Shun Premier uses the same san-mai (three layer laminate) construction, with the same core alloy (VG-10) as Shun Classic. The only differences between the two lines are appearance and handles. Classic handles are straight "D" shaped, and either right or left-handed; while Premier handles are ambidextrous with an "ergonomic" curve.
For what it's worth, Shun Classic handles aren't exactly "wa;" even though they look like it. The Premier handles might as well be western. Either way, most western users find Shun handles very comfortable and have no trouble adapting.
The pattern welding on the Classic and "tsuchime" on the Premiere are non-functional, despite what Shun advertising would have you believe.
Shun knives are made to an extremely high level of fit and finish. They are very well supported by the factory and by their dealer network.
I hate the German profile they use for their chef's knives -- awkward, too much belly, tip too high, etc., but that doesn't mean you should.
Shun VG-10 knives are very chip prone when new, and settle down to being more chip prone than most over time. Steeling a Shun is always a little risky.
Masamoto VG and MAC Pro are both "single steel" knives (not laminated), and are made from "proprietary" alloys which are so similar they might as well be the same, and so much like VG-2, they might as well be VG-2. VG-2 is an excellent alloy; and probably better for your purposes than Shun's VG-10 because of its better toughness.
The Masamoto's profile is very Sabatier like -- which is awesome if you like Sabatier (and I do); while the MAC's is typical French and very good, if not quite as sweet. But, the Masamoto is more flexible than most European knives and many western users new to Japanese made knives might find that disconcerting. The MAC is fairly stiff (and FWIW Shuns are stiff also).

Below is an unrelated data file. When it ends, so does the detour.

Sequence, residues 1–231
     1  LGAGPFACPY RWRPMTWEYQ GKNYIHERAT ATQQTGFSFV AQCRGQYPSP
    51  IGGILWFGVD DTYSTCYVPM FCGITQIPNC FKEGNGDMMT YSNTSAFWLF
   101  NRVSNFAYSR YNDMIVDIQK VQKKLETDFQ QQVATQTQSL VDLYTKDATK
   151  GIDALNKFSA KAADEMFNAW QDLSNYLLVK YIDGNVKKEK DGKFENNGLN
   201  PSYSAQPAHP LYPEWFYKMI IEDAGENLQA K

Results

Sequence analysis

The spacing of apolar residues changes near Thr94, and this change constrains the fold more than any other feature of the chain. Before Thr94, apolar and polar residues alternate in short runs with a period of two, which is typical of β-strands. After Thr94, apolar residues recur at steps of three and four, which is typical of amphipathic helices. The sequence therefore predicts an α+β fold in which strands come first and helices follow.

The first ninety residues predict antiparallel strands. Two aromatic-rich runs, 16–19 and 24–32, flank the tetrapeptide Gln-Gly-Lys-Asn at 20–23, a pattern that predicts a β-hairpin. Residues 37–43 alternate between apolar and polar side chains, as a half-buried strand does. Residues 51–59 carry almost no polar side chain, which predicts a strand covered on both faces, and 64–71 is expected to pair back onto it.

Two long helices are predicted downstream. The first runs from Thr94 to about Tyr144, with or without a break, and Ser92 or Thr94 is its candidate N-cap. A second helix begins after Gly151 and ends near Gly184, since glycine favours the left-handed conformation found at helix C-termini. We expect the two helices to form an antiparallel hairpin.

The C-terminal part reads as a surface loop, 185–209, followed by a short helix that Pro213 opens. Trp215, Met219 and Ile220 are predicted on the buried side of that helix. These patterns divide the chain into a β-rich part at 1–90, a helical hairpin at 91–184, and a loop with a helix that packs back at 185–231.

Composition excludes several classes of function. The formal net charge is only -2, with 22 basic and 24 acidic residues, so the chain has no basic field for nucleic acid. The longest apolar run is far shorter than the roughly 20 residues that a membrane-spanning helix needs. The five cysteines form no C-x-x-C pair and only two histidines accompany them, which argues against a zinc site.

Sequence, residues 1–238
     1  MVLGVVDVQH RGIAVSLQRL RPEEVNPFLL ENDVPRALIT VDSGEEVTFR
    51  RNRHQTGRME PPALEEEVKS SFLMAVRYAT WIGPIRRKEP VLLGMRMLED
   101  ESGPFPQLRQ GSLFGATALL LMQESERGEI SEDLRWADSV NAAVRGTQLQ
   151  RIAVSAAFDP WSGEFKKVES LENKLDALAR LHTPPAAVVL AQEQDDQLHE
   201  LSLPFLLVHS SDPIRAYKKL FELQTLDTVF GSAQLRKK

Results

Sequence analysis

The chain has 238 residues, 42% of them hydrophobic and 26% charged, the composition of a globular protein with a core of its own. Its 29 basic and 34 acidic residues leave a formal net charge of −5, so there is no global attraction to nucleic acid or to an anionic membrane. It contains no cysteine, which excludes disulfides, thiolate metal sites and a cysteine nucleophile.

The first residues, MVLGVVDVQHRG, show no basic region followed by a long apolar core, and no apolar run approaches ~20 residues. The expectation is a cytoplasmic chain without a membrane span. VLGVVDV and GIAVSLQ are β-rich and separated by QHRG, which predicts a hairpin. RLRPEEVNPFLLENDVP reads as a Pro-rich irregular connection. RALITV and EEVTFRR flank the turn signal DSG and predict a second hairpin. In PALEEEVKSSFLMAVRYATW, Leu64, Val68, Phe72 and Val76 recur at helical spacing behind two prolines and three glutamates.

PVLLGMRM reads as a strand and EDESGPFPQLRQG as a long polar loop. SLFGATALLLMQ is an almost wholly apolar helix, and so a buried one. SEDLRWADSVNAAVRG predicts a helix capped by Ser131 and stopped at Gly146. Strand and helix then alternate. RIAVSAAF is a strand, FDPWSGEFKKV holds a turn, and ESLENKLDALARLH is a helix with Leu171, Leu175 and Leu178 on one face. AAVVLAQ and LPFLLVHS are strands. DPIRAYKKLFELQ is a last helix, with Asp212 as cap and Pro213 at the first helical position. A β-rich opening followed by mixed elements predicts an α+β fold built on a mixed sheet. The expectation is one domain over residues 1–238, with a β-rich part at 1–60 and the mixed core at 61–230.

The Masamoto is better cosmetically than the MAC, and while the F&F isn't quite up to Shun's standard it's still pretty darn good. The MAC's F&F is at the same level as Shun.
MAC has excellent factory support, but Masamoto's is pretty much non-existent. If you decide to buy a Masamoto make sure you buy from a retailer who won't forget you as soon as the credit card goes through.
The MAC and Masamoto are equally good although they have different strengths and weaknesses. Both are better than the Shun. If I were buying a mid-price, mass-produced, stainless, western-handled knife for myself I'd choose the Masamoto. If buying for almost anyone else, I'd choose the MAC. I would not buy a Shun Premier under any circumstances.
It's a very good sign that you asked about sharpening. Sharpening and maintenance are just as if not more important than the knife choice itself. After all, there are scads of good knives, but all knives get dull and any dull knife is a dull knife.
The best honing rod for the money is the Idahone Fine ceramic. I also like the DMT CS2 (ceramic); F. Dick Dickoron Packer's Steel; MAC Black (ceramic); and Victorinox "Polished" steel. I don't know what a "sharpening pad" is. If you mean "bench stone," we might want to explore other, easier to learn and use options.